Keno’s one solace is his love for Alma, who has her own secret sorrows. When he gets her pregnant, he vows to keep her alive no matter what. Yet armed marauders and nature itself collude against him at every turn, forcing him to make choices that rip at his conscience. If he can’t protect Alma and their unborn child, it will be the end of Keno’s world.
IF THE LIGHT ESCAPES is post-apocalyptic science fiction set in a near-future reality, a coming-of-age story told in the voice of a heroic teen who’s forced into manhood too soon.
Bright green lights stream and pulse across the northern sky all night now, growing from thin and wispy to bold and fat, expanding, contracting, sending out bands of yellow streamers like they’re partying on ecstasy at some cosmic rave. The lights are pretty, and they’re hypnotic, and they creep me out to the core.
Northern lights every night for two solid weeks in Texas. Halfway to the equator from where they belong. They’re supposed to be a phenomenon tied to the magnetic poles—it’s a scientific fact.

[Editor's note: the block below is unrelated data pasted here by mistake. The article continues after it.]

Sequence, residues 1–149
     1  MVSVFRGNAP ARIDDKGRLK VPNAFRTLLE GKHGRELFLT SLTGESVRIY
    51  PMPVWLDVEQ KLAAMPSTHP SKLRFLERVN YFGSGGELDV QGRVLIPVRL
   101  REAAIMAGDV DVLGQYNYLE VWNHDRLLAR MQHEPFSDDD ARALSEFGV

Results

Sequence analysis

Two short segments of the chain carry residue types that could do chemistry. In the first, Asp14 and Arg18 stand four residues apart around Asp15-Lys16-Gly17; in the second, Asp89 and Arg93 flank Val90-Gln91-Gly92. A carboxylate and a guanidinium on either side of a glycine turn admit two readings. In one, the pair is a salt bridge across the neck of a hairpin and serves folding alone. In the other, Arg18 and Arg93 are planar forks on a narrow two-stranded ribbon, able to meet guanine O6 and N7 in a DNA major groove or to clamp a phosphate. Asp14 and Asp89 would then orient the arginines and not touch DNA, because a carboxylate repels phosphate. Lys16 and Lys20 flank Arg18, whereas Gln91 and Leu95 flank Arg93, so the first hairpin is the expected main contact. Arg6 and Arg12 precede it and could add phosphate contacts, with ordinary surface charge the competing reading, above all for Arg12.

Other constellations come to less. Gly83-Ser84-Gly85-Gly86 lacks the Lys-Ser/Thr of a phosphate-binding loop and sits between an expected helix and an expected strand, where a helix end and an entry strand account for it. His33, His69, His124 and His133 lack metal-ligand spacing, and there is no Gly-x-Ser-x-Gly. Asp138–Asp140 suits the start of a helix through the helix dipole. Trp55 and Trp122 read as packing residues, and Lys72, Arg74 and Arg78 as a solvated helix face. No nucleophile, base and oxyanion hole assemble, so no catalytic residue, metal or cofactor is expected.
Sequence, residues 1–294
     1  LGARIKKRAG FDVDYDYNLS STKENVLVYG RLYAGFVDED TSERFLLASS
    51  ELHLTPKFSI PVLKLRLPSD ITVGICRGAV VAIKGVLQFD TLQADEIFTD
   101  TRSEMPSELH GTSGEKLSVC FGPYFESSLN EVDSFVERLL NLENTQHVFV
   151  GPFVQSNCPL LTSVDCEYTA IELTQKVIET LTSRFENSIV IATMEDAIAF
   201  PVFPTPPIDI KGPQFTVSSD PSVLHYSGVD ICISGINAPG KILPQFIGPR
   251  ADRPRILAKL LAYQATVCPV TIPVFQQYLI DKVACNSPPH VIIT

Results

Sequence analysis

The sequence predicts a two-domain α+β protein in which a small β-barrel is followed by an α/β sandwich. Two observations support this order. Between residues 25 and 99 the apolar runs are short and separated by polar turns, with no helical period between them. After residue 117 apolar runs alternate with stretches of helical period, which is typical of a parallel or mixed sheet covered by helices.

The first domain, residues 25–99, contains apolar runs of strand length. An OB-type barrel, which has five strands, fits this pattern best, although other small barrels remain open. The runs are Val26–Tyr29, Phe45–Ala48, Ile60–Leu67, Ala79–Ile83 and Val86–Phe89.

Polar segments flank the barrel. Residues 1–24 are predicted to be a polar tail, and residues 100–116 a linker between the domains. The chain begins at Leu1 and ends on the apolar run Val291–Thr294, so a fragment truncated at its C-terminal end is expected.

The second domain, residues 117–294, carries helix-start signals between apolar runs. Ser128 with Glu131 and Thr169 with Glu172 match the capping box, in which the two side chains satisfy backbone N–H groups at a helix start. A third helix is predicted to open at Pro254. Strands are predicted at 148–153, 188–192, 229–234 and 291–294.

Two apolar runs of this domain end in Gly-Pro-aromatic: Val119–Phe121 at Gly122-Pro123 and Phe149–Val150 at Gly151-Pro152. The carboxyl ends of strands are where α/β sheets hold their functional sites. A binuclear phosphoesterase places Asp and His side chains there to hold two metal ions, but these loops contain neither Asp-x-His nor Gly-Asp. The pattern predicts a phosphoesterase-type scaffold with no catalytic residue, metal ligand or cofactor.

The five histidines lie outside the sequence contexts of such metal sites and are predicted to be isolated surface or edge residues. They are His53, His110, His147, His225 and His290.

Nothing is right about this. The only explanation I can think of is that the north and south poles are shifting. I don’t know what that means for the planet and the future of its creatures. We don’t have TVs or talking-head scientists to tell us...
The universe just won’t stop f**king with us.
Today, I’m hoeing corn in our front yard, sweat stinging my eyes. It’s blistering hot out here—early December in what used to be high-tech Austin, until the … sun zapped us with an electromagnetic pulse and took our power, our cars, the damned running water. It stopped pretty much everything—everything modern, that is.
It’s been fourteen months, and all the front yards in our subdivision are mini-cornfields now. We grow beans and veggies in the backyards. It’s a desperate attempt to keep us alive when our food stockpiles run out. Don’t know if it will work, but I’m doing my damnedest to make sure it does.
Brenda Marie Smith lived off the grid for many years in a farming collective where her sons were delivered by midwives. She’s been a community activist, managed student housing co-ops, produced concerts to raise money for causes, done massive quantities of bookkeeping, and raised a small herd of teenage boys.
Brenda is attracted to stories where everyday characters transcend their own limitations to find their inner heroism. She and her husband reside in a grid-connected, solar-powered home in South Austin, Texas. They have more grown kids and grandkids than they can count.
Her first novel, Something Radiates, is a paranormal romantic thriller; If Darkness Takes Us and its sequel, If the Light Escapes, are post-apocalyptic science fiction.